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Washington and corporate America have not caught up to the reality of more women in the political arena, why? It seems surprisingly obvious; the voices of women are so drastically underrepresented at the highest levels where public policy and corporate decisions are being made. In 2014, we women need to do something about it.
Many women soften their voices and limit their range of influence. Even gifted, visible women leaders often confine their views on gender bias to safe audiences. It is 2014 ladies, it is time to change the culture, wade into the mainstream and articulate why gender equity is a winner for everyone. Engaging men in the effort to recognize and advance talented women speeds progress. The participation of women changes the agenda, procedures, content and outcome of every decision that is made.
The lack of diversity within the Republican Party, specifically in terms of gender, has been a widespread topic of discussion recently. One major reason for this is the gender gap. In the 2012 Presidential Election, women voted for Barack Obama over Mitt Romney at a 55% to 44% clip, results fairly similar to the 2008 election. With women comprising a majority of registered voters, this is a particularly concerning problem for the GOP.
The history of discrimination and disenfranchisement of women is certainly well documented in any American history course. However, it seems quite alarming that a party oftentimes thought of as an organization of old white men did not do more to embrace women’s leadership prior to the 2012 election. In fact, many people can recall political gaffes by Republican candidates regarding forcing medical procedures on women or antiquated thoughts about sexual assault that did widespread damage and likely elevated Democrats to wins in Indiana and Missouri Senate elections.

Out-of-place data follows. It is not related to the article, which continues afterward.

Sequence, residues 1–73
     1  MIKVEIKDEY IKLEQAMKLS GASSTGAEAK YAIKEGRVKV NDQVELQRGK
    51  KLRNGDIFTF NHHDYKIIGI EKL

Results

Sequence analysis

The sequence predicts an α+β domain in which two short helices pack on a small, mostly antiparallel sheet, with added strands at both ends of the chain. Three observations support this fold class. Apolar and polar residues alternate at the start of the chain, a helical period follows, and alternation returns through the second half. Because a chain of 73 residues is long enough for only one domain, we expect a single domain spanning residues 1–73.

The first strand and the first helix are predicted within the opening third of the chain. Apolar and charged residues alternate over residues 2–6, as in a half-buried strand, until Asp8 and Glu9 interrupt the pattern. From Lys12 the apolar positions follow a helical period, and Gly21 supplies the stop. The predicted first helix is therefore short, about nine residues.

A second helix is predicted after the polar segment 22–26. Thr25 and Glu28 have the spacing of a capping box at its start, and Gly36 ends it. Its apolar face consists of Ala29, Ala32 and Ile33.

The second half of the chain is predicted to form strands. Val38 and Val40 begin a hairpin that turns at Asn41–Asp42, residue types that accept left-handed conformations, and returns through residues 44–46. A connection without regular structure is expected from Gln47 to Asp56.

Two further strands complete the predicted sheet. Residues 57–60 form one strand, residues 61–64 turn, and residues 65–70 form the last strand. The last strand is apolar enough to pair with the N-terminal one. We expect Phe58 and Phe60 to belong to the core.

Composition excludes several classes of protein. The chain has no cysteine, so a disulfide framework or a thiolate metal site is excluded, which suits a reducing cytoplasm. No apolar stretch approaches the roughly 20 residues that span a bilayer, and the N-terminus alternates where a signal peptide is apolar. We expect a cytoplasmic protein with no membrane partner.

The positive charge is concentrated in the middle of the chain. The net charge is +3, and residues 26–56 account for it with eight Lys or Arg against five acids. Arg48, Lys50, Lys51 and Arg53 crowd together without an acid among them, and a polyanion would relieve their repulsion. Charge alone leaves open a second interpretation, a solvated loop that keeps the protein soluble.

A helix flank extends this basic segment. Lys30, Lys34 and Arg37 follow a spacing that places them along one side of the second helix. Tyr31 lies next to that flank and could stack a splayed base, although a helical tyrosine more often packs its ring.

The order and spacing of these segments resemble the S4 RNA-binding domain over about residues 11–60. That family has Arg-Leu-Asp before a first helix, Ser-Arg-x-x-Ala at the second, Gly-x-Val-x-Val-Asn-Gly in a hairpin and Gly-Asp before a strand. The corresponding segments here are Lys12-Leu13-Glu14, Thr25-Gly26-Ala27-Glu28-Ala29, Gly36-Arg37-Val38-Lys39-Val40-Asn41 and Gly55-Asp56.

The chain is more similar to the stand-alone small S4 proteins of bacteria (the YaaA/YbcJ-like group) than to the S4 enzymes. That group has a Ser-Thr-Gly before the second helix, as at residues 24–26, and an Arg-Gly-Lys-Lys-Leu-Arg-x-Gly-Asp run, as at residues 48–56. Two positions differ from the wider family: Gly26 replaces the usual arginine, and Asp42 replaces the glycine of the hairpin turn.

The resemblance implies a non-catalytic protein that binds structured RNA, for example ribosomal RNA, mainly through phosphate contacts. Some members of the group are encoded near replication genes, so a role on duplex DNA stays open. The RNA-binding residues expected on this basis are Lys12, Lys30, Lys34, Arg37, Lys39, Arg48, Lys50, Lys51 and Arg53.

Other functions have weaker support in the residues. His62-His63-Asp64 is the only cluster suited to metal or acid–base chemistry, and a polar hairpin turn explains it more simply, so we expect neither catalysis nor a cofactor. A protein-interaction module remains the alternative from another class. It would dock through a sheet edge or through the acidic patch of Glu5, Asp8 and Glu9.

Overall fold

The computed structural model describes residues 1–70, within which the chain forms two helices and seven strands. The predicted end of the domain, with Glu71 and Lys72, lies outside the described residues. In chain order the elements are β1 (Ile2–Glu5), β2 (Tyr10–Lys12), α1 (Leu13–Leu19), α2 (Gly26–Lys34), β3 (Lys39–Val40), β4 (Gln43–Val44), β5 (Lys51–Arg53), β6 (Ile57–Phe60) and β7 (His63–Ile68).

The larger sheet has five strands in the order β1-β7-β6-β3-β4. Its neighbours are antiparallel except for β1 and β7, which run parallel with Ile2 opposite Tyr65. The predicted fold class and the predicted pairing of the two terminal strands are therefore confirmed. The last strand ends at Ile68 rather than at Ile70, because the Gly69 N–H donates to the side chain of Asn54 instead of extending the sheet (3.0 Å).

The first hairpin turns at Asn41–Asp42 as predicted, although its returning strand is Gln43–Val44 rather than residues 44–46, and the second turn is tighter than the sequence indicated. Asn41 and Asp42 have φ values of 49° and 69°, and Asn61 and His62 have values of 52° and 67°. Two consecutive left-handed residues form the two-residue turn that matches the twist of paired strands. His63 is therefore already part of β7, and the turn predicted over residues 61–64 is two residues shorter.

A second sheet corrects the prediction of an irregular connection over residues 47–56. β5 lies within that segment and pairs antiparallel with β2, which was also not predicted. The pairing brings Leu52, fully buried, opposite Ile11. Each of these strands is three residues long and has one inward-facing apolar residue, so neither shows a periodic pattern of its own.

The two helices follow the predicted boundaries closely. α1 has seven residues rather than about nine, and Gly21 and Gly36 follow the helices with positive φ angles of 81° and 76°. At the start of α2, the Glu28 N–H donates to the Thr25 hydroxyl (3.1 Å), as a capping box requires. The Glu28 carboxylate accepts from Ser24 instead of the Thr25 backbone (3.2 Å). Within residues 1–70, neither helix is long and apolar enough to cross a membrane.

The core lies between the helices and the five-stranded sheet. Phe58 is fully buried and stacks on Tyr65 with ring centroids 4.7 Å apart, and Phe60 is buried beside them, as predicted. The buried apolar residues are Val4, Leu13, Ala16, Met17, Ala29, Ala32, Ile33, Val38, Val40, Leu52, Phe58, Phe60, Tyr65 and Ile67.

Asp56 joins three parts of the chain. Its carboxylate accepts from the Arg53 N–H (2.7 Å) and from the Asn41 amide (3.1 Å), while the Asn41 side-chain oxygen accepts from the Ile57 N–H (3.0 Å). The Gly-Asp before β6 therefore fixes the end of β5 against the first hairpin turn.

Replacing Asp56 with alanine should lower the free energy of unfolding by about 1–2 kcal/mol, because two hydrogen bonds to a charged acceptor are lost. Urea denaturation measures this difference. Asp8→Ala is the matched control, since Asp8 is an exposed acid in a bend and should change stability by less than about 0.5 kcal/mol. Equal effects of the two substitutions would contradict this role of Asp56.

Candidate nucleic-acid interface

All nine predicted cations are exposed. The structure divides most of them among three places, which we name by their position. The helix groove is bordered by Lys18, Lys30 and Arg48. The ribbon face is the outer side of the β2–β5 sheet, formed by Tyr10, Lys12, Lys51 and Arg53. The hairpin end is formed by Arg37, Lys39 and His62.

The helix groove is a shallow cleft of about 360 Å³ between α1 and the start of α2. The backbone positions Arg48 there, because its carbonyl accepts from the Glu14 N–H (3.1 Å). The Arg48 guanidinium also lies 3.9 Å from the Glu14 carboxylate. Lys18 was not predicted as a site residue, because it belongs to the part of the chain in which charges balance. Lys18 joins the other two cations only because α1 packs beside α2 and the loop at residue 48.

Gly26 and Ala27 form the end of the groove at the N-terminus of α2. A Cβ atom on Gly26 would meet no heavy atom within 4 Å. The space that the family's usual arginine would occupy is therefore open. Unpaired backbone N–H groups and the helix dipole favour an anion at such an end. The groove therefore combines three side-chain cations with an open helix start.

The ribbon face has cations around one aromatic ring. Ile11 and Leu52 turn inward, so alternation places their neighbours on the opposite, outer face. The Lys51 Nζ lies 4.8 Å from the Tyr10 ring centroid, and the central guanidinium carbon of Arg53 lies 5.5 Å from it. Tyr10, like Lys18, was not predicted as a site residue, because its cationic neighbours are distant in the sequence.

College women traditionally outperform their male counterparts in academic success at colleges and universities throughout the country. Women frequently develop higher level leadership traits at earlier ages than men. Women are making significant strides in a number of fields. Even women with children—traditionally thought of as sacrificing their chances of career advancement—are taking the business world by storm, as best exemplified by Yahoo Chief Executive Officer Marissa Mayer. With all of this in mind, why is the Republican Party failing to recognize the natural talents of women within their ranks? After all, this is the party that led the fight for women’s suffrage.
Perhaps the message has finally been received. Recently, Washington Representative Cathy McMorris Rodgers, chair of the Republican Conference, was selected to deliver the party’s State of the Union response. Last month, Republican National Committee Chairman Reince Priebus announced this year’s GOP Rising Stars—all women. This included people such as Alex Smith, a Seton Hall law student who became the first woman to serve as national chair of the College Republicans. Also included was Chelsi Henry, a conservative activist who grew up on welfare, and Kimberly Yee, an Arizona state senator.
Indeed, it appears that a number of women stand to exert tremendous influence on the Republican Party. Consider the 2014 elections. There are candidates such as Erika Harold, an attorney and former Miss America seeking election to Congress in Illinois. Elise Stefanik, a 29-year old business woman, aims to defeat Representative Bill Owens in New York. Then there is Mia Love, who is favored to easily win the Utah House seat being vacating by Representative Jim Matheson. In total, the National Federation of Republican Women boasts 53 candidates for Congress in 2014 including several strong incumbents.
Hopefully the Republican Party has finally seen the light and realized the untapped potential of leadership within their ranks. Republican women are ready and willing to exert their influence on the party. It is time for the traditional party leadership to allow their voices to be heard. This will help immensely in closing the aforementioned gender gap and enable the GOP to communicate more effectively with voters while becoming a more representative vision of the U.S. population.